Every pet owner knows, cleaning up litter is one of the most routine tasks in taking care of their pet.

One wakes up early in the morning to walk or clean the litter box and again several times during the day. Due to this repetitive behaviour, this routine eventually becomes muscle memory.

As simple as this task may be, it is very important to recognize their urination pattern and changes; as blockages and infections can occur. Between both dogs and cats, cats are usually the ones with urine infections and blockages, especially male cats since their urethra are more narrow. As such, this blog will focus mainly on cats.


When blockages or infections occur, the symptoms for both cases are pretty similar. The pet will squat and seemingly try to “push” urine out causing the muscles in the hind area and abdomen to contract, yet nothing comes out. One may also notice that their pet has an increase in urination frequency. This occurs because every time the pet tries to urinate, they do not fully empty their bladder causing them to try again and again. Blood can also be seen in the urine, which is caused by the infection itself or by crystals rubbing against the urethra. Pets may suddenly act aggressively since they will be in pain from being unable to urinate as efficiently as they want. The abdomen area might increase in size and will be sensitive to the touch due to the slight enlargement of the bladder. If any of these symptoms are observed, it is crucial to bring your pet to an animal hospital to prevent urine back flowing into the bladder; which can lead to necrosis (death of cells).


When this situation occurs, the majority of the time it is due to 3 possible reasons: stone in the bladder, the formation of crystals or a urine infection. To diagnosis, whether your pet is not urinating due to an infection or blockage, most animal hospital will perform the following medical procedures: radiograph and send a urine sample to the lab. By performing a radiograph of the abdomen of the pet, it can show whether or not the pet has stones in the bladder. Sending a urine sample to a laboratory will show both if crystals or infection are present. Results will usually take about a day or two to arrive. Once the issue is correctly diagnosed, then treatment can be done specifically to the problem that has arisen.


Out of the 3 possible reasons, a urine infection will be the easiest to treat. Medication will be prescribed to counter the specific bacteria and antibiotics will be given as well. After around 7 to 10 days, the urine infection should clear up and if not, then stronger medication might be given. If the diagnosis is stones in the bladder, then surgery is needed to remove the stones. The surgery itself will be done in a day but the recovery time will also be around 10 days after the surgery.

Medication will be prescribed to reduce the pain from the surgery and to shorten the recovery period. If the diagnosis is crystals in the urine, a minor medical procedure will be done to unblock the urethra. Then your pet will need to be given a catheter in the urethra over a small period of time to help prevent the blockage again. During this period, your pet will be hospitalized at the hospital and monitor to make sure that it is not blocked again. Medication and special diets will need to be given to assist the prevention of blockage as well. Once your pet shows signs that it is now unblocked for a couple of days, the pet can go home but will need to be on a special diet for life in order to prevent this from recurring.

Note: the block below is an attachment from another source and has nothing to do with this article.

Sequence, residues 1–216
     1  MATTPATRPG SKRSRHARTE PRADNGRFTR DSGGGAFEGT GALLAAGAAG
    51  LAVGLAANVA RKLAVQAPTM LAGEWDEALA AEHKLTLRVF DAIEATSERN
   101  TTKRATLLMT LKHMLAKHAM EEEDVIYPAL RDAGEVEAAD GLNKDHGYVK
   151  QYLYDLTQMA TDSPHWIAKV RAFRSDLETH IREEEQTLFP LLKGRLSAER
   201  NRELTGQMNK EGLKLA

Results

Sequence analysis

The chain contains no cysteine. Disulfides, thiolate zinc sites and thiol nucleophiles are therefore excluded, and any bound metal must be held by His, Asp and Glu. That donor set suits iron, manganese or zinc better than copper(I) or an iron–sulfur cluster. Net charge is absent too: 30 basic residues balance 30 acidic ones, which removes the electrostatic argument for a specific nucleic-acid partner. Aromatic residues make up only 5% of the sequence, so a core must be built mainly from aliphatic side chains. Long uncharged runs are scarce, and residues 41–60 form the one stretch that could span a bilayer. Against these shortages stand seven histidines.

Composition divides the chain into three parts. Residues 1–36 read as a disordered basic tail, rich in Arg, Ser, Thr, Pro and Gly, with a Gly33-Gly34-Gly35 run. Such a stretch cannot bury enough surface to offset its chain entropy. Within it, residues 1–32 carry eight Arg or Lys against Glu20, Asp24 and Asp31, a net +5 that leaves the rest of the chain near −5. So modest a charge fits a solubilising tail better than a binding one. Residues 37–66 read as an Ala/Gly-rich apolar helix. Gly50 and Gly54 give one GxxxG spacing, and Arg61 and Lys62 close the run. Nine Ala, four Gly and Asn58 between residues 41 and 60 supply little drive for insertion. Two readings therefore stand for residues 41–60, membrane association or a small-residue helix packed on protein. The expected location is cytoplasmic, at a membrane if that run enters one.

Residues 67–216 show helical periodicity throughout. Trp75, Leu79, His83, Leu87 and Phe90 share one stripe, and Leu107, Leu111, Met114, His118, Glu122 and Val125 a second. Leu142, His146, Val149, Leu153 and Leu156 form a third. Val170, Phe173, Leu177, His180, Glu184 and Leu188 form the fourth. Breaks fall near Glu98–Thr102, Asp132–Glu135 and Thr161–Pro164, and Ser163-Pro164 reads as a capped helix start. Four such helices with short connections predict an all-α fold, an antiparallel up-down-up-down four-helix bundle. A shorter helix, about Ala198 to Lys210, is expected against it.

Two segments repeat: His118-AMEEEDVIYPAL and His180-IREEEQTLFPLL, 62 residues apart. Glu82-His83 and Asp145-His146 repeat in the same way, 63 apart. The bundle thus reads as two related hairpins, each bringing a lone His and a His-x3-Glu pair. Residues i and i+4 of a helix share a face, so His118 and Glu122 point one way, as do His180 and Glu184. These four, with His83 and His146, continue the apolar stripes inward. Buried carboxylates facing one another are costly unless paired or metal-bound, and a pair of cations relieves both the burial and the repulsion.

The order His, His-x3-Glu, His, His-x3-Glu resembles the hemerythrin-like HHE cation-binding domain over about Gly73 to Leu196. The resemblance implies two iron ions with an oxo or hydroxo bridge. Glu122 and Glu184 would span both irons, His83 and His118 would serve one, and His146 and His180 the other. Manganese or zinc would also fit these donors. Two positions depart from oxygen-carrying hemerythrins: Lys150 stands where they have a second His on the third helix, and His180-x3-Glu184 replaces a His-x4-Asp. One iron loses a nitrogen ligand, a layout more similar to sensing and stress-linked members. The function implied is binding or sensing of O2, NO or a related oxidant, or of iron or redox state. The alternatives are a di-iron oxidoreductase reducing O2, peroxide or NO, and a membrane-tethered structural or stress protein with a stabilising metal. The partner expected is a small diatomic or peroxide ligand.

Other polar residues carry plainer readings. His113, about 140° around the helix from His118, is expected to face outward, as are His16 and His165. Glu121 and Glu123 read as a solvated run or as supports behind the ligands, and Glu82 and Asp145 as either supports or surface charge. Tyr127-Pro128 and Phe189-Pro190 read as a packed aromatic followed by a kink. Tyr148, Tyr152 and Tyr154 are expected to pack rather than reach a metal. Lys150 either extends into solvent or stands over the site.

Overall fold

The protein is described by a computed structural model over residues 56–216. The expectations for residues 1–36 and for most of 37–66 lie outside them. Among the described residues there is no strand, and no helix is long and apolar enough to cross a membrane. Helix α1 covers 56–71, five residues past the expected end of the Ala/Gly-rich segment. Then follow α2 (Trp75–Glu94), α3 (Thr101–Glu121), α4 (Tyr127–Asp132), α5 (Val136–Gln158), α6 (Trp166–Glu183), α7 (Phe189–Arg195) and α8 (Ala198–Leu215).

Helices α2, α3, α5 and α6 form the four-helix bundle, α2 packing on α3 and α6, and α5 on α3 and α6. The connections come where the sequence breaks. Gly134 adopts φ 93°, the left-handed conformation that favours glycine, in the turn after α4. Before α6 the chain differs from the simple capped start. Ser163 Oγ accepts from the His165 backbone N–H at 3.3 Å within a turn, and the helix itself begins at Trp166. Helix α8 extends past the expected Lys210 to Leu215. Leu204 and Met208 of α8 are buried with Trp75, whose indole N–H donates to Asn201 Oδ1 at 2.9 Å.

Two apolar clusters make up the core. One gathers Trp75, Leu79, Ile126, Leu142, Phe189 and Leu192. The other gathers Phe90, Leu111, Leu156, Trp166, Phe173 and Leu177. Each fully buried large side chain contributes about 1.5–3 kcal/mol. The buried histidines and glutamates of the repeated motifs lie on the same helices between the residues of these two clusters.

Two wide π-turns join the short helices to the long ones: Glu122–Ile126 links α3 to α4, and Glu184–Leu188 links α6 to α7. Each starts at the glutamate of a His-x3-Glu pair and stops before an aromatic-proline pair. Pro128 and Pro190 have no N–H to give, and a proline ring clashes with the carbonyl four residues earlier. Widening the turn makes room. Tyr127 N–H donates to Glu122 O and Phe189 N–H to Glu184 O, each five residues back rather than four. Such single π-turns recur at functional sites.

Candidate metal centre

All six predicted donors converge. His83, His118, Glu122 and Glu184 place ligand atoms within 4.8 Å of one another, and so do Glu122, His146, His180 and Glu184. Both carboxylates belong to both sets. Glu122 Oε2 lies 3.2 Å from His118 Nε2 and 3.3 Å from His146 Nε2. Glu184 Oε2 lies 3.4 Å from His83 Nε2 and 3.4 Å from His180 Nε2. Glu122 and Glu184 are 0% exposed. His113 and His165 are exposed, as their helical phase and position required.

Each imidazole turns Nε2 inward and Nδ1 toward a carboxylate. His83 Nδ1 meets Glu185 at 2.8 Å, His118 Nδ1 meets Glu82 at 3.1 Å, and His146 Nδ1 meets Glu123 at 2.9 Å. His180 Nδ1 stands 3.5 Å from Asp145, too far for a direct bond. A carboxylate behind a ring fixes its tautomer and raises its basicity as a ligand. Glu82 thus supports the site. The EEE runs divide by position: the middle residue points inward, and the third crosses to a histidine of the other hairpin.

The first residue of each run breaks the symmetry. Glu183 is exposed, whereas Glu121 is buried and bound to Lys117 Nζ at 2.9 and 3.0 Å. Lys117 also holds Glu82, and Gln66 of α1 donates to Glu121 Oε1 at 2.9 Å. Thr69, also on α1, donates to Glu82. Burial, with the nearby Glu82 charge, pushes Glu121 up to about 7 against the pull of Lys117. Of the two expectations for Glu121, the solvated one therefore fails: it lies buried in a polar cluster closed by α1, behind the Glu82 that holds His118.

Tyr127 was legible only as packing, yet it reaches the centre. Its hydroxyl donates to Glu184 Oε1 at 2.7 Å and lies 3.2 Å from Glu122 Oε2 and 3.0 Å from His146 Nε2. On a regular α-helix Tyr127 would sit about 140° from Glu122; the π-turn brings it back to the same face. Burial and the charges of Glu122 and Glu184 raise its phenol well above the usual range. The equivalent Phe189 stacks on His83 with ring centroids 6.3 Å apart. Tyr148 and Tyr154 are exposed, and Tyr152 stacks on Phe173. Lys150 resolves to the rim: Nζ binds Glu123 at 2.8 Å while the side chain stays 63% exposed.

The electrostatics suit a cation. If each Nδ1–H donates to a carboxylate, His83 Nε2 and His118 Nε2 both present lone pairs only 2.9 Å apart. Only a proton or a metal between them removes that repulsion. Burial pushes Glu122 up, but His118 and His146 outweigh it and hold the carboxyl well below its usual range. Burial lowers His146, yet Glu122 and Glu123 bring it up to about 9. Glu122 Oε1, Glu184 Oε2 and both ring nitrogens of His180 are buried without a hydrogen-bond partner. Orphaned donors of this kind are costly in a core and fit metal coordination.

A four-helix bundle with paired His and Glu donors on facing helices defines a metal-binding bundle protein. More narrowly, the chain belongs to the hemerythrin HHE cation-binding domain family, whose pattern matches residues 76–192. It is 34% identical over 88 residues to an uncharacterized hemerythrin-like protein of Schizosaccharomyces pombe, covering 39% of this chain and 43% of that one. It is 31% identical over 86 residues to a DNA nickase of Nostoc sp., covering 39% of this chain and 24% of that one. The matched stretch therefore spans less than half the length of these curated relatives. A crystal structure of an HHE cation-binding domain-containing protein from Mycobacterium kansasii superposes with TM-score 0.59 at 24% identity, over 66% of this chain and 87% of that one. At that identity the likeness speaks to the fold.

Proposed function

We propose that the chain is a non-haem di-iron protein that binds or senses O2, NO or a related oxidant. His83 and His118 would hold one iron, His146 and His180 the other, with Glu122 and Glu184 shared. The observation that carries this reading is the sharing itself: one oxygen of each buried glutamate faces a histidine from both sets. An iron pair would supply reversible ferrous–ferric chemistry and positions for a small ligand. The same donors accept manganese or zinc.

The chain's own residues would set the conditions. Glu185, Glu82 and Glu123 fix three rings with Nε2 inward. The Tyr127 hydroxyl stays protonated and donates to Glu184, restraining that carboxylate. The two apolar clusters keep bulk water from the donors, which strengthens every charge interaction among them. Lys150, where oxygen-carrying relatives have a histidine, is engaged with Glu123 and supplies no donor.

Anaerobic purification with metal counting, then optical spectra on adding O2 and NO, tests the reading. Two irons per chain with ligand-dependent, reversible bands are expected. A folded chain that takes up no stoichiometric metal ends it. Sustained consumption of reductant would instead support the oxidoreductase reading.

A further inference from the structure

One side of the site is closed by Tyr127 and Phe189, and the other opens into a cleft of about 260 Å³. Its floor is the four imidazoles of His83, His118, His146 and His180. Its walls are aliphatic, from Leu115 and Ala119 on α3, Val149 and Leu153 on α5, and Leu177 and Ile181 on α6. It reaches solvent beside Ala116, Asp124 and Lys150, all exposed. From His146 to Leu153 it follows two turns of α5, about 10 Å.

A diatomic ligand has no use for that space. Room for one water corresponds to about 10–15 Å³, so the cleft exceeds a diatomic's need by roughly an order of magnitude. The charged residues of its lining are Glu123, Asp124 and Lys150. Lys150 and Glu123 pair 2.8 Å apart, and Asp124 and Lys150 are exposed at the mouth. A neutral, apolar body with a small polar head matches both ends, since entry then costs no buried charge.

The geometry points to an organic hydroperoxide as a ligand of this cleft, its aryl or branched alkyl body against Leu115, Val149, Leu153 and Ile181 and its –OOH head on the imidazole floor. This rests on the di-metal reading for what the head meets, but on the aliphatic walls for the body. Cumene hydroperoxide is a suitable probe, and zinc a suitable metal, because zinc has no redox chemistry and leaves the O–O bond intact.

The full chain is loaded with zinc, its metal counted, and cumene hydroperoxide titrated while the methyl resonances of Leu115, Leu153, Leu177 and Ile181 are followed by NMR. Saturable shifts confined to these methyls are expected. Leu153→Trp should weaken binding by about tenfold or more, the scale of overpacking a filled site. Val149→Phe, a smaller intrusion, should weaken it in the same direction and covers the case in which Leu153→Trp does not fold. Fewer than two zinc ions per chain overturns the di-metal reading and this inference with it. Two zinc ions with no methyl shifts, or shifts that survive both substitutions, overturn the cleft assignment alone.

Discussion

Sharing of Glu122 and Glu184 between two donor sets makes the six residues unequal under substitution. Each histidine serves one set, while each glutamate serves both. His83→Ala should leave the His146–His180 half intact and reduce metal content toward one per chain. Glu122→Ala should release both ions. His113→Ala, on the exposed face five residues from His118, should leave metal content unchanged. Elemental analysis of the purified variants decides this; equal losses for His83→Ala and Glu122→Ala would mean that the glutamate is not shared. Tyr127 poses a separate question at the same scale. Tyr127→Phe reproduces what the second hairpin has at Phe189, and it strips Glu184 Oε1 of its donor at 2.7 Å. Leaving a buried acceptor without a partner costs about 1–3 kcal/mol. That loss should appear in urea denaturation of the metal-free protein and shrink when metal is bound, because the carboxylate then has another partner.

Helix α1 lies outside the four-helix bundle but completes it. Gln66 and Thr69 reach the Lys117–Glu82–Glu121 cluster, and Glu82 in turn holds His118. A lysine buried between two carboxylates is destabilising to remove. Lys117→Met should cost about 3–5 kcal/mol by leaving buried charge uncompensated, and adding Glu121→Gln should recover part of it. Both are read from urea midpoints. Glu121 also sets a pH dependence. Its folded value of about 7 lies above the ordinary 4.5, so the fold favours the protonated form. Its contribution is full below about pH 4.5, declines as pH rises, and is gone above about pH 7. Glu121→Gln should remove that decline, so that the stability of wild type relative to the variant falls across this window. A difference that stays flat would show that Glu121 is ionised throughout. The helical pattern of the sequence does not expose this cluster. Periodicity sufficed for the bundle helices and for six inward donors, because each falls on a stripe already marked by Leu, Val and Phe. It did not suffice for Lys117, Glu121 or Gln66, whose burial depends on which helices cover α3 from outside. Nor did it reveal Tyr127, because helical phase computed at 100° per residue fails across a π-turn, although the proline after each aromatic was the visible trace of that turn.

Preventative Measures

Urinary blockages are a major hassle to deal with as they have a tendency to come back once it has happened once. As such, it is important to provide the necessary measures to prevent this situation from occurring at all. The diet that the pet consumes plays a large role in preventing blockages from happening. Crystals are usually formed when the pet has an abundance of nutrients, such as calcium, phosphorous, etc. in their systems. Due to the excess amount of nutrients, the pet can no longer regulate and expel them and thus crystals are formed. To prevent your pet from having the abundance of nutrients, it is important to provide them with a diet that may contain less calcium and phosphorous. This can be found on the nutritional label and also a label “s/o index” on the bag as well.

This indication on the bag states that the food contains fewer nutrients and combats urinary blockages. Stress can also be a reason why infections and blockages occur. Stress can cause a change in the pH balance in cats and thus make them have incorrect acidic and alkaline levels within their system. The incorrect balance of acidic and alkaline levels will then results in an excess of calcium or phosphorus in their system, thus causing urinary blockages.

Urine trouble is not something to take lightly, as it can cause a lot of pain to the pet and has a tendency to recur over time. Not only that, the majority of male cats are infected by this condition due to them having a genetically narrower urethra. As such, it is important to recognize the symptoms and act as accordingly and to provide the preventative diet and behaviour to prevent urinary blockages and infections from happening at all.